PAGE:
For Little Richard, on the other hand, loneliness was intertwined with his decision to be openly gay as a popular musician, at a time when this was extremely rare. The man who had no qualms about writing an ode to the joys and pitfalls of anal sex—yes that’s what “Tutti Frutti” was originally about, the documentary points out— was the same man who disavowed his queerness at various points in his life, stating that he believed the Bible forbade him to be gay. A moment of real heartbreak occurs when the documentary shows Richard quipping to an interviewer: “God let me know that he made Adam be with Eve not Steve.” Cortés imprints Little Richard’s self-loathing upon us by using this clip in an early sequence of the film and then, near the end, returning to it, so we have to sit with the contrast. This Little Richard, the one fixated on Old Testament religion, is dressed in a drab beige suit and dons a tempered afro, looking nothing like the ethereal maestro of stage and song who helped craft what we know today as rock-n-roll. The difference sits heavy on the psyche, calling out for present-day empathy for the bygone era Little Richard endured.
In our current age, Giovanni is able to speak about being a lesbian without shame. In a scene that takes place in a church pulpit, she hypothesizes the extinction of the penis, while also affirming her marriage to fellow academic Virginia Fowler: “I’m very fortunate to have somebody who loves me. I don’t care what anybody has to say about it.” Fowler is interviewed in the film and we see Giovanni give her a sheepish peck on the cheek in their kitchen. Giovanni never matches Little Richard’s sexual candor though: any specific thoughts about their relationship or Giovanni’s relationship to her own sexuality are kept private. Brewster and Stephenson portray a Giovanni whose boundaries are firm, leaving in scenes where she chooses not to answer theirs and other interviewers’ questions.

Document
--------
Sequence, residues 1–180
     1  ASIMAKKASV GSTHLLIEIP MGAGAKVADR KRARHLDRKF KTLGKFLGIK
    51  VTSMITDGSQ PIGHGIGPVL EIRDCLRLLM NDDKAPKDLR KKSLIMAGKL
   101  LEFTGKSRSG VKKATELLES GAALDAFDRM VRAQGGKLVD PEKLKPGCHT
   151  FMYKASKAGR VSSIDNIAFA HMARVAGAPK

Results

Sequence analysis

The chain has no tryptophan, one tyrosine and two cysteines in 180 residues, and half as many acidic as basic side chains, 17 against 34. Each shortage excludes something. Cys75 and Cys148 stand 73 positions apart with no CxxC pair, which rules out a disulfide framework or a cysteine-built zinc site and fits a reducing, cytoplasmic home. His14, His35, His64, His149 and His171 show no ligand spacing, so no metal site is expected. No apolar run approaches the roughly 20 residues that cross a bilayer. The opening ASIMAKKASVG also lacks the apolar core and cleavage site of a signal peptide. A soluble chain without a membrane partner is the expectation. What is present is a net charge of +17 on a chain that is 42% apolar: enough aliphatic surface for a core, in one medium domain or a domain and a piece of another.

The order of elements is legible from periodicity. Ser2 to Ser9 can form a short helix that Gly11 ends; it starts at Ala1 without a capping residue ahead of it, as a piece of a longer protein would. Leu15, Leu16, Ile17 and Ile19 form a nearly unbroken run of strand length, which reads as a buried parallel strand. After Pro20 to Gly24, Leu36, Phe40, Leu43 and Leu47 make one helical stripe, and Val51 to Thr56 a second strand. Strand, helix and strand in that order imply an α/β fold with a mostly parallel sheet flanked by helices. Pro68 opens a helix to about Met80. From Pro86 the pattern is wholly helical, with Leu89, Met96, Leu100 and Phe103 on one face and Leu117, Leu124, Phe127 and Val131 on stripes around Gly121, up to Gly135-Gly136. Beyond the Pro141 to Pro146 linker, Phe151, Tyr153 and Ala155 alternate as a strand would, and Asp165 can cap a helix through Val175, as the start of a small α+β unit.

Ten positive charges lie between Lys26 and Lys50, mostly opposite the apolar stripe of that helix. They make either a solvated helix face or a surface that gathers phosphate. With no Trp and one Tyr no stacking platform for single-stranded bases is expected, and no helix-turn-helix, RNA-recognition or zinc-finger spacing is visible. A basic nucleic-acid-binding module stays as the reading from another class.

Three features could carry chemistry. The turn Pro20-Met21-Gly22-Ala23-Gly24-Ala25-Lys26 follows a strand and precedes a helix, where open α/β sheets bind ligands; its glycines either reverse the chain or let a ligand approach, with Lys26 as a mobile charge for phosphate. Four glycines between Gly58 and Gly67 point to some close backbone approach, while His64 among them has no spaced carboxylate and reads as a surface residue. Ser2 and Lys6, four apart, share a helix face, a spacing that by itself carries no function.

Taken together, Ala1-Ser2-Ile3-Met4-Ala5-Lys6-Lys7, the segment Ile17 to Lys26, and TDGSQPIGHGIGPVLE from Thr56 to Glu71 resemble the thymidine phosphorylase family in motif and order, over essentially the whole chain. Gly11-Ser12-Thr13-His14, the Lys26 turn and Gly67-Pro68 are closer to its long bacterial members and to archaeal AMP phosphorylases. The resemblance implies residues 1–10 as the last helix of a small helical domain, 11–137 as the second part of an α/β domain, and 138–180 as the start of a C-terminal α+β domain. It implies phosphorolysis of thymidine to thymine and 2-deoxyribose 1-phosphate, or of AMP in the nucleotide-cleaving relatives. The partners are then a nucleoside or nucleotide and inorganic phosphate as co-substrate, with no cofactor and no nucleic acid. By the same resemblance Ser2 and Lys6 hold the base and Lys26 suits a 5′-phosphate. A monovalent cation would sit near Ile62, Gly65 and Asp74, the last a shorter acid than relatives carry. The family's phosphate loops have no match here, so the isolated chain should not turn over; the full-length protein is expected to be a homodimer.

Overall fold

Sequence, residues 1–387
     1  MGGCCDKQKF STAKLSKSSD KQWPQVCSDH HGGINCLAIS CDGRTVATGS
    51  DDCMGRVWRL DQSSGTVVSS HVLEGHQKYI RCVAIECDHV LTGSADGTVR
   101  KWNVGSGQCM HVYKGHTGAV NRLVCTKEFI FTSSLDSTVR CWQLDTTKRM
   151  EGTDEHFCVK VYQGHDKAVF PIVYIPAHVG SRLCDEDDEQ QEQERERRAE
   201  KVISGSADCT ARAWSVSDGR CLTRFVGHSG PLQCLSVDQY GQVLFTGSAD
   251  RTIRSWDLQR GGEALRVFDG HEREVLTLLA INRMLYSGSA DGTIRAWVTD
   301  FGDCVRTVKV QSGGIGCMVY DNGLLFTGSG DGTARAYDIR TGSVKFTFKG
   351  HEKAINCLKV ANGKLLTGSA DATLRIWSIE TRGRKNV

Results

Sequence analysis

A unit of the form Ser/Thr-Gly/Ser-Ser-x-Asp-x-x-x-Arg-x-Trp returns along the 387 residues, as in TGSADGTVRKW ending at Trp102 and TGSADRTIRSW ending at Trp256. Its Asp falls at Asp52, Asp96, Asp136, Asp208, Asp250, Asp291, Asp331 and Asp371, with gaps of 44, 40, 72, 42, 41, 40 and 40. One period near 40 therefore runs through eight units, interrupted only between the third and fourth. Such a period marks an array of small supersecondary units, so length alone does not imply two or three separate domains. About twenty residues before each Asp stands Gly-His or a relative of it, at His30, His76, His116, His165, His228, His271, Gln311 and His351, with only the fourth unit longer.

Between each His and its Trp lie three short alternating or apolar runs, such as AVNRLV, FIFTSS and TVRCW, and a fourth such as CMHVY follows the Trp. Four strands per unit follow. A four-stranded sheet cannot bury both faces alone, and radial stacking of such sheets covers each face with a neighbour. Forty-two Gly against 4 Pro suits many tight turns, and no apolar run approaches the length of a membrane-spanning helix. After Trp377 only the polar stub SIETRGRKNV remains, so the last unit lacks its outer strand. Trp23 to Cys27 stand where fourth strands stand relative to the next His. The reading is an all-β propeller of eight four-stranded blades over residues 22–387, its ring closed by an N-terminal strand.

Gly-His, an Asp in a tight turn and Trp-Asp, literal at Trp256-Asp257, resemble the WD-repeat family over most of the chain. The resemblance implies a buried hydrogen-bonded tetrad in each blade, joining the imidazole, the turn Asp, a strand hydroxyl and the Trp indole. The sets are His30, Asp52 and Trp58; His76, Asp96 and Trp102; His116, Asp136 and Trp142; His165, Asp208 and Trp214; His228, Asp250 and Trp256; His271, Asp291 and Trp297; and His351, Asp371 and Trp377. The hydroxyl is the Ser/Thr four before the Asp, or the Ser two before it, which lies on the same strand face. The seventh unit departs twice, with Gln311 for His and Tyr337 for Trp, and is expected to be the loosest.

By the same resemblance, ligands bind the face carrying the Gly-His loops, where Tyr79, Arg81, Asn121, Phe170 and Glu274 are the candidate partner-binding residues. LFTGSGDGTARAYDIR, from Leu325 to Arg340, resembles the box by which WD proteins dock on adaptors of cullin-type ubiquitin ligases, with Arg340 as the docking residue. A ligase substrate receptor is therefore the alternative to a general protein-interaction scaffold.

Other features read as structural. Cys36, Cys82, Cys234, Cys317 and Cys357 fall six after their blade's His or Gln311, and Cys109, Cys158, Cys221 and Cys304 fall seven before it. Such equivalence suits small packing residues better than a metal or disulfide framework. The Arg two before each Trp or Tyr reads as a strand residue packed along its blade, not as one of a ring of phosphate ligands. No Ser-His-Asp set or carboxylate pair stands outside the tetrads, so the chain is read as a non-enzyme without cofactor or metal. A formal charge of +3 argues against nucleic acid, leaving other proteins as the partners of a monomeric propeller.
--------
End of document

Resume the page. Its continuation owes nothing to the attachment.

Consequently the film has to fill in uncomfortable gaps in the story, including another narrative thread in the larger story of loneliness: family estrangement. When Giovanni’s granddaughter comes to visit, it is notably the first time she has ever stepped foot in her grandmother’s home, due to years of estrangement between her grandmother and her father, as Stephenson pointed out during the Q&A. Mother and son spent years repairing their relationship, which eventually led to the visit. Little Richard, meanwhile, was kicked out of his family’s home by his father, a minister, nightclub owner, and bootlegger who didn’t accept Richard’s queerness and femme presentation. (Navigating the desires of the flesh and the spirit apparently ran in the family.) He was only welcomed back after his music started being played on the radio.